The main aim of this special issue is to combine the information systems (IS) and knowledge risk in the uncertain business environment by considering the ‘people’ and ‘processes.’ Organizations are exposed to different knowledge risks (Lee et al., 2021). Recent researchers suggests that information systems and knowledge risk management tools play a main role in overcoming the risks in the uncertain business environment (Di Vaio et al., 2021; Gioe & Hatfield, 2021; Lee et al., 2017; Shabbir & Gardezi, 2020). To understand the difference between knowledge management and information management, it is best to say that knowledge management focuses on people (Burgin & Mikkilineni, 2021; Mbassegue et al., 2016) while information management focuses on processes (Lee et al., 2017; Mbassegue et al., 2016). However, recent researchers have not responded to these two concepts of information systems and knowledge risk in the uncertain business environment by considering the ‘people’ and ‘processes’ (Choi et al., 2021; Di Vaio et al., 2021; Shabbir & Gardezi, 2020). Therefore, this special issue will be of significant importance to the practitioners and policymakers within academic institutions by allowing them to understand the combined effect of information systems and knowledge risks in the uncertain business environment by considering the dual aspects of ‘people’ and ‘processes’. 


Topics of interest may include, but are not limited to: 

  1. The dark side of knowledge management in determining the factors with effective use of advanced technological innovations.   

  1. The role of digital innovation in managing the dark side of the knowledge management systems of the firms   

  1. Theoretical advancements of knowledge risk and information systems in times of risks and uncertainties.  

  1. Novel mechanisms for business analytics value creation by mitigating the dark side of knowledge management 

  1. Determining the factors leading to the dark side of knowledge management in the development of Data-Intensive Systems within the firms  

  1. The dark side of knowledge management to increase the business value of cognitive analytics technology through effective use of data analytics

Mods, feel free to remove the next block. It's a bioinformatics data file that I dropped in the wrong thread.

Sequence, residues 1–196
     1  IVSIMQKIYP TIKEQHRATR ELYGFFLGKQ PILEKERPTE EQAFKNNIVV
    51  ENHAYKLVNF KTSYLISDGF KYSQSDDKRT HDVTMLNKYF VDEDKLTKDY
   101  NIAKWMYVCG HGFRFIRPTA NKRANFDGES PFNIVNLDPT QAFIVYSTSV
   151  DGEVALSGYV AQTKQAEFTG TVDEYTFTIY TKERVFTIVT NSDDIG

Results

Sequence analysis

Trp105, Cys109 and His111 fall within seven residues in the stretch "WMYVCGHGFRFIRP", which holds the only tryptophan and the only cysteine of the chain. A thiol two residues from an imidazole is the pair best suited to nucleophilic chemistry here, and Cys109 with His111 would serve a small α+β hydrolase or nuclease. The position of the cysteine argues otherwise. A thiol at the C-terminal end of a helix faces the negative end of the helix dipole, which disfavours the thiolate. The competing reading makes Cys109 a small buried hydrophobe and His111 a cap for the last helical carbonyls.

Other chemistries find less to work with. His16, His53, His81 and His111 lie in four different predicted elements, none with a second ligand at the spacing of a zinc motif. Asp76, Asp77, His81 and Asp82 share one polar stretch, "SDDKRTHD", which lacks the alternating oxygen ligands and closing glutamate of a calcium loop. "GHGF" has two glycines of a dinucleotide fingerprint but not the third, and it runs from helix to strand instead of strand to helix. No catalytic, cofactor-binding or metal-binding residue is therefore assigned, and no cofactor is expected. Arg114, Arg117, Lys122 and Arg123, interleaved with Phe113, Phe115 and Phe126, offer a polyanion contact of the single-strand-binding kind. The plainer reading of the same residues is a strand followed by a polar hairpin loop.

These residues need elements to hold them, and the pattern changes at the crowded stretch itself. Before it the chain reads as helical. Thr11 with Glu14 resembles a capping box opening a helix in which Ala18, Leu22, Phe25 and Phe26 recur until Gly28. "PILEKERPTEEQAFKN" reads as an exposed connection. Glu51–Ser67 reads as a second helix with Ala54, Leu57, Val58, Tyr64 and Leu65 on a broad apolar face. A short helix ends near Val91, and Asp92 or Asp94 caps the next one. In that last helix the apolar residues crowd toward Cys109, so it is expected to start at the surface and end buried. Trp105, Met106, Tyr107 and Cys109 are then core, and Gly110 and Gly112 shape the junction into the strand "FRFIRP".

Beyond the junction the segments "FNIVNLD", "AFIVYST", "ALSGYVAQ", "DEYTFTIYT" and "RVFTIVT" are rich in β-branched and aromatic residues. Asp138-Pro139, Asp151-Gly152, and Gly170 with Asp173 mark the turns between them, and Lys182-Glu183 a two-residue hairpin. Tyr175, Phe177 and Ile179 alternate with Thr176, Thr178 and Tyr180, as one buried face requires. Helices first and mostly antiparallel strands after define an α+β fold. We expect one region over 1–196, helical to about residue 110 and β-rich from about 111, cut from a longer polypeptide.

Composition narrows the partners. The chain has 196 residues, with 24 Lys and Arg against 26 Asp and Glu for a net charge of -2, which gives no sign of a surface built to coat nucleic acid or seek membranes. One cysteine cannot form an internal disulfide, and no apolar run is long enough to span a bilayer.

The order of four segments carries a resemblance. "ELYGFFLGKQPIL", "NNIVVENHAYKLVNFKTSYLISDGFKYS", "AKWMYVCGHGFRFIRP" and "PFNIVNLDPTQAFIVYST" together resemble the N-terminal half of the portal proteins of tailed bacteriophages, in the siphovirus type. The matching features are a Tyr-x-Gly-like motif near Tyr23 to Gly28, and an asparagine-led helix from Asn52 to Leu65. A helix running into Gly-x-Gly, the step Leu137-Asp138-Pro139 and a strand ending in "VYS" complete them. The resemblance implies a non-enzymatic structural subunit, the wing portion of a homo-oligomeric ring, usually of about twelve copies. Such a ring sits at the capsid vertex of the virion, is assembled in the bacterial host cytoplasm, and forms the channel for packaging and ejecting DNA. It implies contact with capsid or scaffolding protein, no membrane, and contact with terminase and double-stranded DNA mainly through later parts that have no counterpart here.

1. The dark side of knowledge management which decreases the firm-level efficiency in product development/ innovation through effective use of data analytics 

  1. Curbing and controlling false information and knowledge creation systems and processes for improving system efficiency 

  1. Role of firm-based IS when dealing with knowledge loss, knowledge leakage, spillover effects, and privacy concerns of the firm.  

  1. Issue related to information and media illiteracy;  fake data; cognitive  and  affective bias and ignorance. 



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Ahmad, A., Bosua, R., & Scheepers, R. (2014). Protecting organizational competitive advantage: A knowledge leakage perspective. Computers & Security, 42, 27-39. 

Albana, M. J., & Yeşiltaş, M. (2021). Impact of linguistic ostracism on knowledge sharing, hiding and hoarding and the moderating role of cultural intelligence. Kybernetes. 51(3), 1180-1198. 

Anaza, N. A., & Nowlin, E. L. (2017). What's mine is mine: A study of salesperson knowledge withholding & hoarding behavior. Industrial Marketing Management, 64, 14-24. 

Annansingh, F. (2012). Exploring the risks of knowledge leakage: an information systems case study approach. New research on knowledge management models and methods, 269-286. 

Arogundade, O. T., Abayomi-Alli, A., & Misra, S. (2020). An ontology-based security risk management model for information systems. Arabian Journal for Science and Engineering, 45(8), 6183-6198. 

Arshad, R., & Ismail, I. R. (2018). Workplace incivility and knowledge hiding behavior: does personality matter? Journal of Organizational Effectiveness: People and Performance, (5)3, 278-288. 

Burgin, M., & Mikkilineni, R. (2021). From Data Processing to Knowledge Processing: Working with Operational Schemas by Autopoietic Machines. Big Data and Cognitive Computing, 5(1), 13. 

Choi, T. Y., Narayanan, S., Novak, D., Olhager, J., Sheu, J. B., & Wiengarten, F. (2021). Managing extended supply chains. Journal of Business Logistics, 42(2), 200-206. 

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Di Vaio, A., Palladino, R., Pezzi, A., & Kalisz, D. E. (2021). The role of digital innovation in knowledge management systems: A systematic literature review. Journal of Business Research, 123, 220-231.